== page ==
3.

points out that the ‘EU biodiversity strategy to 2020 - Our life insurance, our natural capital’ ties in with the fight against climate change in that it provides for essential sustainability and climate change adaptation measures;

4.

reiterates that local and regional authorities have a key role to play in the implementation of the Europe 2020 Strategy and progress towards low carbon economy by reducing energy consumption, decentralising energy supply, increasing the use of renewable energy and ensuring ecosystem resilience to climate change, and maintaining and increasing CO2 sinks;

5.

considers that unpredictable climate threatens public health, infrastructure, agriculture, biodiversity, water security, food security and economic development and needs to be addressed through better design, practices and technologies in our cities and rural economies;

Climate action as an economic driver

6.

is convinced that climate action can have positive impacts in terms of economic development, green jobs, resilience, social cohesion and quality of life, built on smart growth; it is therefore necessary to identify the sectors that might benefit and the advantages deriving from climate change that might lead to opportunities for economic development;

7.

believes that local climate-related procurement and investment can stimulate fair, inclusive and sustainable growth. Integrating economic development, social cohesion and environmental financing can stimulate a transition to a low carbon economy;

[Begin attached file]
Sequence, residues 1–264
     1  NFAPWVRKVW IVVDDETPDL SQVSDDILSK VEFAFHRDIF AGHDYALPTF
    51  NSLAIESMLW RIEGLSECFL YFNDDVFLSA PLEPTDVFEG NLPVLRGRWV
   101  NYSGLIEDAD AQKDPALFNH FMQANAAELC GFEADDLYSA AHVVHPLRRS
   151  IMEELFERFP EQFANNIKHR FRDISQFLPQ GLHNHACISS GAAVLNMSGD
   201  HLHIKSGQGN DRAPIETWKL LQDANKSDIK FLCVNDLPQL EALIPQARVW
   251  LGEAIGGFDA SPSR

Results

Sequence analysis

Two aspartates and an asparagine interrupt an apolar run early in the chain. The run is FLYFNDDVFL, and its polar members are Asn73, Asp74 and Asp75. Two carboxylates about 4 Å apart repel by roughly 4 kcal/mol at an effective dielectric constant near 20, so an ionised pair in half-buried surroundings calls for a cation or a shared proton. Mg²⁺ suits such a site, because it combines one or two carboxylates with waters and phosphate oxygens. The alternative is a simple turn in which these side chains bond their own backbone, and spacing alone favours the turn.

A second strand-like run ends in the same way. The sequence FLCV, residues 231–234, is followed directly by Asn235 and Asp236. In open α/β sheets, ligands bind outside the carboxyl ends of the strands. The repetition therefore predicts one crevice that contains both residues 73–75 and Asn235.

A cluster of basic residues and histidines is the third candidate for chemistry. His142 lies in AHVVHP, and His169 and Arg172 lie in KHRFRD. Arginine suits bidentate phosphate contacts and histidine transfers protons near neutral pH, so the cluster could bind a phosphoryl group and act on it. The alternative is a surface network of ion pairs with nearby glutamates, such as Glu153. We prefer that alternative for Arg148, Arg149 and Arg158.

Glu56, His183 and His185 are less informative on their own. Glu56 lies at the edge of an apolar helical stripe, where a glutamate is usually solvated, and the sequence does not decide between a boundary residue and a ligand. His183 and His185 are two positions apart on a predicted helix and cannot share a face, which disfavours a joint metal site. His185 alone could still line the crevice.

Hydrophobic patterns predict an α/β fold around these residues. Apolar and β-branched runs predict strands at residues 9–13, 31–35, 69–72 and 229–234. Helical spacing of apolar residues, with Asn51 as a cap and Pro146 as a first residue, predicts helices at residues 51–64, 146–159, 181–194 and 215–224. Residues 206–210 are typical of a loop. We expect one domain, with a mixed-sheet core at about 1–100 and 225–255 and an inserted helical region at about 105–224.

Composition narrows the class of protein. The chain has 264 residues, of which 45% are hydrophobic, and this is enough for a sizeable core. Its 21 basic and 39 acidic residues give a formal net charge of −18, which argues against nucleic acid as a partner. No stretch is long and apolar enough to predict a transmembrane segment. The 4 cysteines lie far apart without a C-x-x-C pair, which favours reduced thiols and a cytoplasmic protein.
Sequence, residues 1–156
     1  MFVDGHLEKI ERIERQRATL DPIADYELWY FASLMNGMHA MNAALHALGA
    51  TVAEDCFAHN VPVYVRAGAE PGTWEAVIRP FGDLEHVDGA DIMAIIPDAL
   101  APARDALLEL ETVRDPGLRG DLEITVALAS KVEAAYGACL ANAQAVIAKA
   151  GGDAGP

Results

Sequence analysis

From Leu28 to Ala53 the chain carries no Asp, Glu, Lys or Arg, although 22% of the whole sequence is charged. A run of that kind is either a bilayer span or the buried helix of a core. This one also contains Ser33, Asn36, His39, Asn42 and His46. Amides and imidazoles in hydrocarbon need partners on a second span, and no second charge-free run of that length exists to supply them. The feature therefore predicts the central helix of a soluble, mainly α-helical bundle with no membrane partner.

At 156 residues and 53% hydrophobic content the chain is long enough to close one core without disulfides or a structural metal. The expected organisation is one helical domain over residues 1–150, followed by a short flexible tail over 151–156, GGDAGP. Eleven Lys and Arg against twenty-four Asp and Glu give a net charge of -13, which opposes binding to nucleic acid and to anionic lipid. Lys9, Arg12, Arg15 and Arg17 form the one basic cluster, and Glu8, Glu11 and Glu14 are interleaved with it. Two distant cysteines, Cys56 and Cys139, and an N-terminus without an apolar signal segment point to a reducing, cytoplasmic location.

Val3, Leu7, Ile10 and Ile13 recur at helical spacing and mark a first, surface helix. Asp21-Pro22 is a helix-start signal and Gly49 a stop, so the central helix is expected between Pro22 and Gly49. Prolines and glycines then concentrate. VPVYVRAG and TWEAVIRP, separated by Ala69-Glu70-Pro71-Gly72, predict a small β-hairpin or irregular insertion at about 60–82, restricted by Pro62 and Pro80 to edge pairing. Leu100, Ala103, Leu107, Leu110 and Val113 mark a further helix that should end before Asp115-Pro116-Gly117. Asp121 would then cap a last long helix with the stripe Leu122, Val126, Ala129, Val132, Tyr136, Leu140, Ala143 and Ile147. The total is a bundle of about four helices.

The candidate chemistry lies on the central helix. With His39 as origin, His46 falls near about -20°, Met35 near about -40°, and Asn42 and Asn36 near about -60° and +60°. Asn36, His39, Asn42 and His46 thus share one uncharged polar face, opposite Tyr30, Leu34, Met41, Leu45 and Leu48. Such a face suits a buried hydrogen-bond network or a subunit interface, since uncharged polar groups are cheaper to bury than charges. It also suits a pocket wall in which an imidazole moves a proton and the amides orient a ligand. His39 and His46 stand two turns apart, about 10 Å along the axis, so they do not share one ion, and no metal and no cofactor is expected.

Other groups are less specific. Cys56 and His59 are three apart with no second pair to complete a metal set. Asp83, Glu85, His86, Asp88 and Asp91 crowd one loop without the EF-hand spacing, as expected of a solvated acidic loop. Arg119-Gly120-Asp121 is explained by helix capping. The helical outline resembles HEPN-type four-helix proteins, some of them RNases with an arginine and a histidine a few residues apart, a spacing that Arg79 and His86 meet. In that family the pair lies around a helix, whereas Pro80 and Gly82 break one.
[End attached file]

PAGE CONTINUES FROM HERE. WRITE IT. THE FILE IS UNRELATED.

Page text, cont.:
8.

believes that EU investment in smart local specialisation can support regions in innovative solutions to harness local conditions and opportunities to develop low carbon economies;

9.

is convinced that investments in creating sustainable European cities and regions can strengthen the position of European businesses in a growing global market;

10.

considers it necessary to involve the business sector in developing sustainable economies, with the help of policies and strategies that include social and environmental concerns in its commercial transactions, and make it accountable for the consequences and effects of its actions;

II.   THE NEED FOR FURTHER ACTION AND INVESTMENT

11.

stresses that climate friendly actions requires significant long-term financing. The transition to a low carbon and climate resilient economy will require a focus on investments in energy efficiency, buildings, renewables, clean transport and other smart systems' solutions for better use of resources; both urban and rural areas across the EU urgently need support to be stepped up for local and regional climate change mitigation and adaptation efforts; notes that the Commission has estimated that to make the transition to a low-carbon economy the EU would need to invest an additional EUR 270 billion or 1.5 % of its GDP annually, on average, over the next four decades and that by stepping up climate action 1.5 million additional jobs could be created by 2020;